Google I/O 2021: Every announcement from Google's developers conference
Watch here as Google unveils upcoming hardware and software, like Android 12 and Pixel Buds.
Updated May 23, 2021 2:45 a.m. PT
Our expert, award-winning staff selects the products we cover and rigorously researches and tests our top picks. If you buy through our links, we may get a commission.
Reviews ethics statement
Lori GruninSenior Editor / Advice
I've been reviewing hardware and software, devising testing methodology and handed out buying advice for what seems like forever; I'm currently absorbed by computers and gaming hardware, but previously spent many years concentrating on cameras. I've also volunteered with a cat rescue for over 15 years doing adoptions, designing marketing materials, managing volunteers and, of course, photographing cats.
ExpertisePhotography, PCs and laptops, gaming and gaming accessories
Lexy is an on-air presenter and award-winning producer who covers consumer tech, including the latest smartphones, wearables and emerging trends like assistive robotics. She's won two Gold Telly Awards for her video series Beta Test. Prior to her career at CNET, she was a magazine editor, radio announcer and DJ. Lexy is based in San Francisco.
ExpertiseWearables, smartwatches, mobile phones, photography, health tech, assistive roboticsCredentials
At Google I/O this week, we got some major announcements, including more details on Android 12, Wear OS and watches and possibly Pixel phones. The company skipped I/O last year so there's a lot to catch up on. The conference was entirely virtual this year and free for everyone, running from now through May 20. You can watch a replay of the opening keynote with CEO Sundar Pichai on Google's YouTube channel. You can also access an official schedule for keynotes and breakout sessions. You will need to sign in to a Google account and register for the event to watch.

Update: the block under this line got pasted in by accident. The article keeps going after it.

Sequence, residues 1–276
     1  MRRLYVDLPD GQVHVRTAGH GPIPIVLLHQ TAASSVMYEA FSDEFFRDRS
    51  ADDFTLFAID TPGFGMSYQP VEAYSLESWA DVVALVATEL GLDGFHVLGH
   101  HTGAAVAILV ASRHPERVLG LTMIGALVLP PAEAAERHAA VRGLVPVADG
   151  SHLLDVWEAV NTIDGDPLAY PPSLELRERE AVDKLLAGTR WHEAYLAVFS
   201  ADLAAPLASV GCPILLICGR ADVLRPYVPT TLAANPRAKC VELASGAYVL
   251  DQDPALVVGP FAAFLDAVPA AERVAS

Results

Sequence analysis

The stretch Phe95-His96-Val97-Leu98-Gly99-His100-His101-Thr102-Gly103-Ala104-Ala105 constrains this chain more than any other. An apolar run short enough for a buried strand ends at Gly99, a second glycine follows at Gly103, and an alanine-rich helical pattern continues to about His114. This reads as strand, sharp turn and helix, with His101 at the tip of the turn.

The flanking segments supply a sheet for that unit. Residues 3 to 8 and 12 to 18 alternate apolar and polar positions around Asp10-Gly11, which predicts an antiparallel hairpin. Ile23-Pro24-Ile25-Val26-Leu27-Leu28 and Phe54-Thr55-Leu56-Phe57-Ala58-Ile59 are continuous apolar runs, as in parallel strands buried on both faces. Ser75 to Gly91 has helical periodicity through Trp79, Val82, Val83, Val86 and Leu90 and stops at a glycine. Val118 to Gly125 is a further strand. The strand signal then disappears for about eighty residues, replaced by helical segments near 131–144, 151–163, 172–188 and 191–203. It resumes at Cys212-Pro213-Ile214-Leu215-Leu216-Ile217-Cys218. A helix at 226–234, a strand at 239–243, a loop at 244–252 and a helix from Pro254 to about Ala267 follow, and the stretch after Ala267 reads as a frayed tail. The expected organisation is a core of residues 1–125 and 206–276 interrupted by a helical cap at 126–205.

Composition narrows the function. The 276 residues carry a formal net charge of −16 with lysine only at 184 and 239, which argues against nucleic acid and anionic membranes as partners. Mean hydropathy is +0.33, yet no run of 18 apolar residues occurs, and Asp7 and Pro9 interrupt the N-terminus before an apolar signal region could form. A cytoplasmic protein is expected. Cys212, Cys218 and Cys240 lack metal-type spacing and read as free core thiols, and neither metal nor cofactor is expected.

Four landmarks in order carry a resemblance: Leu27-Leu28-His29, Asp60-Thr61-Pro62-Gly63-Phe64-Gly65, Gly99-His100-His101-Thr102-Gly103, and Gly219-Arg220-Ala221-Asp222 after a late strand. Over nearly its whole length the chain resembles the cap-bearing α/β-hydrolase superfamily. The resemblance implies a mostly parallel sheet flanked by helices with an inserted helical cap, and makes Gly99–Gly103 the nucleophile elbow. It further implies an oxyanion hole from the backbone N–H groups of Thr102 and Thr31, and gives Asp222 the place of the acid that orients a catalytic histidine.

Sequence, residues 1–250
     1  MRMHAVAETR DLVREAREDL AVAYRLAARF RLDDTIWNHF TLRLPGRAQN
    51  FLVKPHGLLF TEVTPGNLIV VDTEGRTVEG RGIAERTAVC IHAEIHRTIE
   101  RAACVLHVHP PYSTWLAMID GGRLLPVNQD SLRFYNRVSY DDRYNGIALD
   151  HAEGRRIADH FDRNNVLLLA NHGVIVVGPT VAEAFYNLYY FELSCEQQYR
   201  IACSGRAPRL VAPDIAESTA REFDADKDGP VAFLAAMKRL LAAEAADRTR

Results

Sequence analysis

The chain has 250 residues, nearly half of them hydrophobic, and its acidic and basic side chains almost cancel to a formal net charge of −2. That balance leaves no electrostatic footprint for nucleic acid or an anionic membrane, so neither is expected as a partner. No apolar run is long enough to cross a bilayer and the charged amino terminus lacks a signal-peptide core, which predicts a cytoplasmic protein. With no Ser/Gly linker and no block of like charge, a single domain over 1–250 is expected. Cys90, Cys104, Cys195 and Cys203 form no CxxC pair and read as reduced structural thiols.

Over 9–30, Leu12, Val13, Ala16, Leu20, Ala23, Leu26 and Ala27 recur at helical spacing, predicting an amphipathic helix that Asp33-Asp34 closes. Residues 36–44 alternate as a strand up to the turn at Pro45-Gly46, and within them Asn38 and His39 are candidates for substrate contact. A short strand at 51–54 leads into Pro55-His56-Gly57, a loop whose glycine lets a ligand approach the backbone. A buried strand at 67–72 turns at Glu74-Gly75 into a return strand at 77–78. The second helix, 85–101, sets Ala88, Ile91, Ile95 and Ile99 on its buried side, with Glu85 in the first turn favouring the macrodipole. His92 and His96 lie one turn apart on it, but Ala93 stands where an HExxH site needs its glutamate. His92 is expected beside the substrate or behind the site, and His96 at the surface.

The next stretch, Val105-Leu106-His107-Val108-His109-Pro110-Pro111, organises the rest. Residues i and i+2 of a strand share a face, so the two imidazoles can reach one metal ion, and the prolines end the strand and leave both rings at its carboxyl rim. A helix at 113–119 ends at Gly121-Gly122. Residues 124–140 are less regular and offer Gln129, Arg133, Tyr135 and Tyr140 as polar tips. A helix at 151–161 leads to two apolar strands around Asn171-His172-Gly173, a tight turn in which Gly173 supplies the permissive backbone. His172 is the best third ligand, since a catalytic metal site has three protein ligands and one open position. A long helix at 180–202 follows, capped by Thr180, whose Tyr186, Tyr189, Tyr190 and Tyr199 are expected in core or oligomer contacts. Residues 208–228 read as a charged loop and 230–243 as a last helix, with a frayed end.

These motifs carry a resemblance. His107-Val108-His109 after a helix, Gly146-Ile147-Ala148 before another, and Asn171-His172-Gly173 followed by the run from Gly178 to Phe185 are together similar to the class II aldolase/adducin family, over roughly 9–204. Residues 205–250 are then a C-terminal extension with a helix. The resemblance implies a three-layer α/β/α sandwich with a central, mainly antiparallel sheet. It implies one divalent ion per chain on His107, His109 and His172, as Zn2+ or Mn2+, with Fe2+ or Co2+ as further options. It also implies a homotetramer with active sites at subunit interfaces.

Google plans to be carbon-free 24/7 by 2030. The company has implemented load shifting to move processing to the least environmentally onerous times. A new geothermal project will serve data centers. Dragonscale solar panels will work with it for heating and cooling.
This nascent project gives video conferencing more of an in-the-same room feel, with life-size people generated by 3D imaging. And it seems like this is where its acquisition of lightfield imaging patents went.
Watch this: Google reveals 3D video chat with Project Starline
The AI answer to "what the hell is that thing on my skin." Derm Assist will cover 288 conditions and be available in a browser. It's launching in the EU by the end of this year.
Watch this: Google shows Derm Assist for skin cancer detection
Camera fixes its skin color issues
Cameras in general are notorious for handling the white balance of nonwhite faces terribly, and AI hasn't much helped the problem. Google's been working on better capture and computational photography algorithms for darker skin tones, curly hair and more. Updates will be coming to Pixel phones and the wider Android ecosystem in the fall.
Wear OS updates
A partnership with Samsung and Fitbit integrations bring a ton of changes to wearables. Wear OS and Tizen are essentially merging for the best of both and cross-platform compatibility. It'll give you better battery life, too.
You'll also see a new streamlined interface that takes advantage of more Google... stuff... on your watch.
Fitbit brings health tracking and more of its popular capabilities to Wear OS and watches as well.
Set a photo as your background and the system will create a custom palette based on the colors in it and it uses the hues across the interface. It will be in Pixel phones first. Quick settings has been redesigned to include Google Pay and Home Controls. Performance of Google's apps and the operating system, transition effects and more have been improved as well.